A dataassimilationbased framework for estimating timevarying parameters was presented in Pathiraja et al. (2016a). The approach relies on an ensemble Kalman filter (EnKF) (Evensen, 1994) to perform sequential joint state and parameter updating. EnKFs were developed to extend the applicability of the celebrated Kalman filter (Kalman, 1960) to nonlinear systems, although they provide a suboptimal update as only the mean and covariance are considered in generating the posterior distribution. However, they have been used with much success in many hydrologic applications (see for example Reichle et al., 2002; Gu and Oliver, 2005; Komma et al., 2008; Sun et al., 2009; Xu et al., 2016). EnKFs offer a practical alternative to sequential Monte Carlo/particle filter methods that propagate the full probability density through time but suffer from several implementation issues, even in moderate dimensional systems. The LL Dual EnKF method of Pathiraja et al. (2016a) works by sequentially proposing parameters, updating these using the ensemble Kalman filter and available observations and subsequently using these updated parameters to propose and update model states. An approach for proposing parameters in the timevarying setting was also presented, for cases where no prior knowledge of parameter variations is available. The method was verified against multiple synthetic case studies as well as for two small experimental catchments experiencing controlled land use change (Pathiraja et al., 2016a, b). The algorithm is summarized below; for full details refer to Pathiraja et al. (2016a).
3.2.1 LL Dual EnKF
Suppose a dynamical system can be described by a vector of states x_{t} and outputs y_{t} and a vector of associated model parameters θ_{t} at any given time t. The uncertain system states and parameters are represented by an ensemble of states ${\left\{{\mathit{x}}_{t}^{i}\right\}}_{i=\mathrm{1}\phantom{\rule{0.125em}{0ex}}:\phantom{\rule{0.125em}{0ex}}n}$ and parameters ${\left\{{\mathit{\theta}}_{t}^{i}\right\}}_{i=\mathrm{1}\phantom{\rule{0.125em}{0ex}}:\phantom{\rule{0.125em}{0ex}}n}$ each with n members. The prior state and parameter distributions ${\left\{{\mathit{x}}_{t}^{i}\right\}}_{i=\mathrm{1}\phantom{\rule{0.125em}{0ex}}:\phantom{\rule{0.125em}{0ex}}n}$ and ${\left\{{\mathit{\theta}}_{t}^{i}\right\}}_{i=\mathrm{1}\phantom{\rule{0.125em}{0ex}}:\phantom{\rule{0.125em}{0ex}}n}$, respectively, represent our prior knowledge of the system, usually derived as the output from a numerical model. Suppose also that the system outputs are observed $\left({\mathit{y}}_{t}^{o}\right)$ but that there is also some uncertainty associated with these observations. The purpose of the data assimilation algorithm (here the EnKF) is to combine the prior estimates with measurements, based on their respective uncertainties, to obtain an improved estimate of the system states and parameters. A single cycle of the LL Dual EnKF procedure for a given time t is undertaken as follows. Note that in the following, the overbar notation is used to indicate the ensemble mean.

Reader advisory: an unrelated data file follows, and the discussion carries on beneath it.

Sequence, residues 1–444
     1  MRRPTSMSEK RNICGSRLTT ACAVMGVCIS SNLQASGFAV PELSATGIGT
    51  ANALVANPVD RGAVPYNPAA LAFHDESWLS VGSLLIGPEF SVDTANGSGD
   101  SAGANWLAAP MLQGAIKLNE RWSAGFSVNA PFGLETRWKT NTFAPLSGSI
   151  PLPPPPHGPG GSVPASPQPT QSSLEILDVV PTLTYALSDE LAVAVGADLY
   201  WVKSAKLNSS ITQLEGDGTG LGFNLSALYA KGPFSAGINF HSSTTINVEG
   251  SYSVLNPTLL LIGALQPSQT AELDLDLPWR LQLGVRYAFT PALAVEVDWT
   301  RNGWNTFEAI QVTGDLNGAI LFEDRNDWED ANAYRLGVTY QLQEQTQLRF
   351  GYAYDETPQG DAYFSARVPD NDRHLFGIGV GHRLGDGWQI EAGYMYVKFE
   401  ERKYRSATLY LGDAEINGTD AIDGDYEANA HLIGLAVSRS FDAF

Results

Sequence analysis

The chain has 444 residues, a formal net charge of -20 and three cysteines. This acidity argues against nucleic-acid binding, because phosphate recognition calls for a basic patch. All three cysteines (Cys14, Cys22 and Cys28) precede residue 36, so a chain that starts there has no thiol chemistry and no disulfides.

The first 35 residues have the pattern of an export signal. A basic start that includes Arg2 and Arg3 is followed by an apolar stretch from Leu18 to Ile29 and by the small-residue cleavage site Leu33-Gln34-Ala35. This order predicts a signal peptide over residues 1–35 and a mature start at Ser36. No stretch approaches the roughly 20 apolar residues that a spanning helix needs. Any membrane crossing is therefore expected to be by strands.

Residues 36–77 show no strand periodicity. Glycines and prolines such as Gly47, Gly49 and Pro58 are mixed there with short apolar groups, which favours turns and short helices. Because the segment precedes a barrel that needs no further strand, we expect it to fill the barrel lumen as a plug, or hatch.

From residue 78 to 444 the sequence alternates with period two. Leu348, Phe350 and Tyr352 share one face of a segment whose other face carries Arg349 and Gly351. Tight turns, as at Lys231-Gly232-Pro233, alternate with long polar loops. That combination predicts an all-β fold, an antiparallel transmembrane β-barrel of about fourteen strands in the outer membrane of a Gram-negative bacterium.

Propose a prior parameter ensemble. This involves generating a parameter ensemble using prior knowledge. In this case, our prior knowledge comes from the updated parameter ensemble from the previous time (${\mathit{\theta}}_{t\mathrm{1}}^{i+})$ and how it has changed over recent time steps. The assumed parameter dynamics is a Gaussian random walk with timevarying mean and variance, given by
$$\begin{array}{}\text{(2)}& {\displaystyle}& {\displaystyle}{\mathit{\theta}}_{t}^{i}\phantom{\rule{0.125em}{0ex}}\sim \phantom{\rule{0.125em}{0ex}}N\left({\mathit{\theta}}_{t\mathrm{1}}^{i+}+\phantom{\rule{0.125em}{0ex}}{\mathit{m}}_{t}.\mathrm{\Delta}t\phantom{\rule{0.125em}{0ex}},\phantom{\rule{0.125em}{0ex}}{s}^{\mathrm{2}}{\mathbf{\Sigma}}_{t\mathrm{1}}^{\mathit{\theta}}\right)\phantom{\rule{0.25em}{0ex}}\phantom{\rule{0.25em}{0ex}}\mathrm{for}\phantom{\rule{0.25em}{0ex}}\phantom{\rule{0.25em}{0ex}}i=\mathrm{1}\phantom{\rule{0.125em}{0ex}}:\phantom{\rule{0.125em}{0ex}}n\text{(3)}& {\displaystyle}& {\displaystyle}{\mathbf{\Sigma}}_{t\mathrm{1}}^{\mathit{\theta}}=\phantom{\rule{0.125em}{0ex}}{\displaystyle \frac{\mathrm{1}}{n\mathrm{1}}}\sum _{i=\mathrm{1}}^{n}\left({\mathit{\theta}}_{t\mathrm{1}}^{i+}\phantom{\rule{0.125em}{0ex}}\stackrel{\mathrm{\u203e}}{{\mathit{\theta}}_{t\mathrm{1}}^{+}}\right){\left({\mathit{\theta}}_{t\mathrm{1}}^{i+}\phantom{\rule{0.125em}{0ex}}\stackrel{\mathrm{\u203e}}{{\mathit{\theta}}_{t\mathrm{1}}^{+}}\right)}^{\mathrm{T}},\end{array}$$where ${\mathbf{\Sigma}}_{t\mathrm{1}}^{\mathit{\theta}}$ is the sample covariance matrix of the updated parameter ensemble at time t−1; $\stackrel{\mathrm{\u203e}}{{\mathit{\theta}}_{t\mathrm{1}}^{+}}$ indicates the ensemble mean of the updated parameters at time t−1; ()^{T} represents the transpose operator; and s^{2} is a tuning parameter. The prior ensemble mean is determined as the linear extrapolation of the updated ensemble means from the previous two time steps; i.e.,